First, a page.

Furthermore, and again unlike Mullen, DeTemple's own conduct caused the initial lack of communication. DeTemple's theft of prosecution documents and Tennant's report of that theft created the rift between lawyer and client. A court can properly refuse a request for substitution of counsel when the defendant's own behavior creates the problem. See United States v. Morsley, 64 F.3d 907, 918 (4th Cir.1995).
For these reasons, the district court did not abuse its discretion in refusing to permit Tennant to withdraw.
Finally, DeTemple asserts that Tennant's representation constituted ineffective assistance of counsel. Ineffective assistance claims involve mixed questions of law and fact, and therefore we owe "no special deference" to the district court's findings with respect to such claims. Matthews v. Evatt, 105 F.3d 907, 919 (4th Cir.), cert. denied, --- U.S. ----, 118 S.Ct. 102, 139 L.Ed.2d 57 (1997).
A defendant claiming ineffective assistance of counsel must show that "counsel's representation fell below an objective standard of reasonableness" and that "there is a reasonable probability that, but for counsel's unprofessional errors, the result of the proceeding would have been different." Strickland v. Washington, 466 U.S. 668, 688, 104 S.Ct. 2052, 80 L.Ed.2d 674, 694 (1984).
DeTemple maintains that he was denied effective assistance of counsel because on the first day of trial Tennant sought to withdraw from the case and stated that he was completely unprepared to present a defense. DeTemple further argues that Tennant was in fact unprepared, contending that as of the first day of trial Tennant had failed to interview witnesses, retain expert witnesses, identify exhibits for introduction at trial, or review certain materials that DeTemple had given him. Acts of negligence like these have repeatedly been held to justify findings of ineffective assistance. See, e.g., Griffin v. Warden, 970 F.2d 1355 (4th Cir.1992) (in action pretrial resulting in failure to present exculpatory evidence); United States v. Gray, 878 F.2d 702 (3rd Cir.1992) (failure to investigate); Williams v. Washington, 59 F.3d 673, 680-81 (7th Cir.1995) (failure to review discovery materials, failure to prepare for trial).
The record indicates, however, that Tennant understated his readiness on the first day of trial and that he worked with great effectiveness and speed once trial began. For example, prior to trial, Tennant engaged in substantial preparation by reviewing and organizing 15-20 boxes of materials pertaining to the case. Moreover, during the trial, Tennant hired a private investigator, thoroughly investigated DeTemple's case, and filed numerous pleadings and motions, including five motions in limine. Tennant effectively cross-examined numerous Government witnesses and presented over thirty defense witnesses and numerous exhibits. Tennant's representation of DeTemple did not fall below an objective standard of reasonableness; indeed, he conducted an able and vigorous defense. We thus conclude that DeTemple was not denied effective assistance of counsel.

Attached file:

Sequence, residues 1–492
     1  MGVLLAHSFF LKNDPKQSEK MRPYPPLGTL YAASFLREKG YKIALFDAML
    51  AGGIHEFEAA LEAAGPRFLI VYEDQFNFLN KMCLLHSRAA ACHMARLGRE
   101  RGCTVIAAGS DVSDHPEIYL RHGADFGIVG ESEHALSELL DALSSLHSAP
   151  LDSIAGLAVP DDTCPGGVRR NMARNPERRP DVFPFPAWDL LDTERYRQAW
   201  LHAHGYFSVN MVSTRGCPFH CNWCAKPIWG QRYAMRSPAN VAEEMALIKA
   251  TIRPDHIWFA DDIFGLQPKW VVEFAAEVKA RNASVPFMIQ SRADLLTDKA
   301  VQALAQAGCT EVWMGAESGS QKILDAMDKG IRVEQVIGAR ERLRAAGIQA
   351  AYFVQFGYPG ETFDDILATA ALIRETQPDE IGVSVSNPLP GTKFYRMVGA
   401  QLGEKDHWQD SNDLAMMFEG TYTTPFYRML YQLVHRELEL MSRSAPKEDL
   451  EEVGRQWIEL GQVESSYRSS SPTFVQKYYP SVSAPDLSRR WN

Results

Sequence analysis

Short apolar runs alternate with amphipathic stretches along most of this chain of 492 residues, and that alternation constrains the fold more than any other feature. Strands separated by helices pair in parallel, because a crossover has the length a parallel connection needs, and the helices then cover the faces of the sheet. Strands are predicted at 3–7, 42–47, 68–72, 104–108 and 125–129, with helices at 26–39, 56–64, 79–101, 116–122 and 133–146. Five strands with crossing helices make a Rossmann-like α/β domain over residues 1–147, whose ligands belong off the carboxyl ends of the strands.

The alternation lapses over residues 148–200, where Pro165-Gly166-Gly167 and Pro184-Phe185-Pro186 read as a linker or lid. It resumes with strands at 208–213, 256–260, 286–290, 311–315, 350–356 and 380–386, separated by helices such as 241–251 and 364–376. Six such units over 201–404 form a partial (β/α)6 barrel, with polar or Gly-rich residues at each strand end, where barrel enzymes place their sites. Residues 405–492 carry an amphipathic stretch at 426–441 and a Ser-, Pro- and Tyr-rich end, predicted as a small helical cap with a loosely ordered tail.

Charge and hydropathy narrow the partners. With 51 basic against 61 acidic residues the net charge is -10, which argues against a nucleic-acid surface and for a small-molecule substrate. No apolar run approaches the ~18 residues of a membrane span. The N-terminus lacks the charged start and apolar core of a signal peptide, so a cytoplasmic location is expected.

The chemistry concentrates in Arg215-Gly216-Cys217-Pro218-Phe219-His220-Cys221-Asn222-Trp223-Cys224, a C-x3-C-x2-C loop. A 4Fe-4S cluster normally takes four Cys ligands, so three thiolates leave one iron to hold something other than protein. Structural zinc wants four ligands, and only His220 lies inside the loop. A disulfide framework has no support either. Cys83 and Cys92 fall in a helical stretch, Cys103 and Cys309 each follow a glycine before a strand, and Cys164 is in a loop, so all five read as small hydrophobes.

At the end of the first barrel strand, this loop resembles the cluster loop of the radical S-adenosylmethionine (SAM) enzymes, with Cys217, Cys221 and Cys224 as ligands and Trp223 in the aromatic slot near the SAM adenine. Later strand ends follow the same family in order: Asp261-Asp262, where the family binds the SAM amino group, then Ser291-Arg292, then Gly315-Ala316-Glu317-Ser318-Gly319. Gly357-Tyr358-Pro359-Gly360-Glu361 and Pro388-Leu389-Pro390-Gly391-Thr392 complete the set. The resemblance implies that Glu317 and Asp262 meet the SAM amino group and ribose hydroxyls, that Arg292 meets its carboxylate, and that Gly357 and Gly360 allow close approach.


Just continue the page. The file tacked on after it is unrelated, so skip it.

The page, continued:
In addition, DeTemple maintains that because Wilmoth represented Outboard Marine Corp., one of the creditors victimized by DeTemple's bankruptcy fraud, Judge Stamp should have recused himself. This argument fails because it lacks support in the record, because DeTemple did not raise it in a timely fashion, and because this debt, like the Contractors Supply debt, was never an issue in dispute at DeTemple's criminal trial
DeTemple also maintains that the marriage of one of the Judge's law clerks to the prosecutor in this case provides a basis for recusal under § 455(a). Judge Stamp reasonably concluded that the marriage, which took place a month after DeTemple's initial indictment and almost two years prior to his criminal trial, involving a clerk, who the Judge took pains to see did not work on DeTemple's case, did not mandate the Judge's recusal on any ground. See Hunt v. American Bank & Trust Co., 783 F.2d 1011, 1015-16 (11th Cir.1986) (clerk's conflict of interest requires disqualification of clerk not judge). Judge Stamp thus did not abuse his discretion in declining to recuse himself based on the marriage of his clerk